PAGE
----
Mark Crosse/The Fresno Bee
Bryce Baga, 18, wears an eagle feather on his mortarboard during the commencement ceremonies at Lemoore High on Thursday, June 5. School administrators had told eight Native American seniors that the eagle feathers would be banned, but then relented.

Eagle Feathers First Banned, Then Allowed at California Graduation

ICTMN Staff
6/16/14

In the days leading up to the June 5 graduation ceremony at Lenmoore High School in Lenmoore, California, administrators had banned the eight graduating Native American seniors from wearing eagle feathers in their graduation caps, but hours before the ceremony, they allowed the feathers, reported The Fresno Bee.

Principal Rodney Brumit had told students he would be enforcing the “no adornment” policy for the graduation ceremony, but a lawyer from California Indian Legal Services contacted the district explaining that the eagle feather is a high honor of personal achievement for the Native students.

According to The Fresno Bee, school board president Kathy Neves advised Superintendent Debbie Muro to allow the eagle feathers.

“I think we could make an exception,” Neves said. “I don't think it's a big deal. It’ll just look like a tassel is hanging down.”

Anita Baga, a member of the Tachi Tribe, received a call from Brumit the day of the graduation letting her know her nephew, Bryce Baga would be able to wear his eagle feather that day.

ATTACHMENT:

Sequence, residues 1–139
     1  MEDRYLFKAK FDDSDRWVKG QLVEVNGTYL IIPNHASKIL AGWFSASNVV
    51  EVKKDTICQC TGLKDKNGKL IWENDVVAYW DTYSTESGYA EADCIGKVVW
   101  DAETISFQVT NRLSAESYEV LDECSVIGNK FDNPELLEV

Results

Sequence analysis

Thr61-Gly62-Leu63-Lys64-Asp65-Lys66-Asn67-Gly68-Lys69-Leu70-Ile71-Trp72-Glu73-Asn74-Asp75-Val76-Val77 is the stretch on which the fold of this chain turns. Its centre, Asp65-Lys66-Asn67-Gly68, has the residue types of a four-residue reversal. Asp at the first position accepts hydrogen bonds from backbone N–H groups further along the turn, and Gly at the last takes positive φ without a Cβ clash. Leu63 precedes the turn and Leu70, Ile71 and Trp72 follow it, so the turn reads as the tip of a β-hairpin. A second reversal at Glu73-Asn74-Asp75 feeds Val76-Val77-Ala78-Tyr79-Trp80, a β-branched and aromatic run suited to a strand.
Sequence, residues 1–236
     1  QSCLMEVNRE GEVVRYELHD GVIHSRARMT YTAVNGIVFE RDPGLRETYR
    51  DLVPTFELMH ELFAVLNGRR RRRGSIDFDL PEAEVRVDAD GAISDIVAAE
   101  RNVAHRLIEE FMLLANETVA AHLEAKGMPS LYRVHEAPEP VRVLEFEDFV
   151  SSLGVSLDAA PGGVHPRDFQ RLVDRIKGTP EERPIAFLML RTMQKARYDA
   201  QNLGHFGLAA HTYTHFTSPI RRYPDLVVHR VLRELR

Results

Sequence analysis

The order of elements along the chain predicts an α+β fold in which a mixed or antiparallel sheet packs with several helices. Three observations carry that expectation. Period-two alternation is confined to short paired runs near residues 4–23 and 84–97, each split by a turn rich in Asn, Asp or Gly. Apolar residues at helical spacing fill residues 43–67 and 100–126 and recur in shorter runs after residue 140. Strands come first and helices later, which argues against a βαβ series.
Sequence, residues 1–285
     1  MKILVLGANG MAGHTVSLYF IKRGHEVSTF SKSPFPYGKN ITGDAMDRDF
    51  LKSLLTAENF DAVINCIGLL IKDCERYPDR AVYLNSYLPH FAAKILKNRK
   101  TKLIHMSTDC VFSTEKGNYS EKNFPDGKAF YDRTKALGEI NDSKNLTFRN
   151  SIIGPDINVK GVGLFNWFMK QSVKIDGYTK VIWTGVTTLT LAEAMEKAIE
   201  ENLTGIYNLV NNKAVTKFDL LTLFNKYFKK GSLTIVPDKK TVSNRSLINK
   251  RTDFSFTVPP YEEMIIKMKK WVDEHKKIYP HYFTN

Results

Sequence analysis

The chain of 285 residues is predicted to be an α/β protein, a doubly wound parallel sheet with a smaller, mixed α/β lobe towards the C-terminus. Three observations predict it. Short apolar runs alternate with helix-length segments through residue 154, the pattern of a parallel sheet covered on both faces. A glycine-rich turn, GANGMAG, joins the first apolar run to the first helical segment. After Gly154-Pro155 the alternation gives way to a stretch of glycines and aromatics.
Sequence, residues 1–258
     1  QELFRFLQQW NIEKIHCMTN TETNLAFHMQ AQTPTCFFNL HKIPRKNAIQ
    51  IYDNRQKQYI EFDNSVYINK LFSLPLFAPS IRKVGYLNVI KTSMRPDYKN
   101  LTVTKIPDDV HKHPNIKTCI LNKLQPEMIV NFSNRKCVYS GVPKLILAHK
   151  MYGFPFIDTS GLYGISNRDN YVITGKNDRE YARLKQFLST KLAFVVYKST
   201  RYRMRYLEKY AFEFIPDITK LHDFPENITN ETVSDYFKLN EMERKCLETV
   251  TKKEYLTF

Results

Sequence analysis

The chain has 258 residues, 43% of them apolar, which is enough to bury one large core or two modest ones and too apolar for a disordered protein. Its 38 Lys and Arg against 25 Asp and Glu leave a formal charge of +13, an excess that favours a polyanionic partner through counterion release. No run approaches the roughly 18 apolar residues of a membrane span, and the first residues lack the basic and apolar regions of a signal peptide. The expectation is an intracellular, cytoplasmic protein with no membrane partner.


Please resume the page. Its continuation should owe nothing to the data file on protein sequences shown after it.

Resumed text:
“We’re so excited about this,” she told The Fresno Bee. “This is not a Tachi Yokut thing; it’s for all our kids.”

The eight Native graduates—seven of whom are members of the Tachi Tribe—is a record number of Native graduates for Lenmoore High School.

Read the full story at FresnoBee.com.

Alyssa Ortega, 17, wears an eagle feather during the commencement ceremonies at Lemoore High on June 5, 2014. (Mark Crosse/The Fresno Bee)

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rockymissouri's picture
rockymissouri
Submitted by rockymissouri on
A wonderful tribute and honor that should never have been denied in the FIRST PLACE..!!

Michael Madrid's picture
Michael Madrid
Submitted by Michael Madrid on
There now, that wasn't so bad, was it? Nothing was disrupted, nobody complained and I doubt if anyone but Natives even noticed. This should set a new precedent among schools with graduating Native students. No one is trying to mess with your conformity or uniformity. They just want to show their pride in a personal accomplishment in a manner according their culture.
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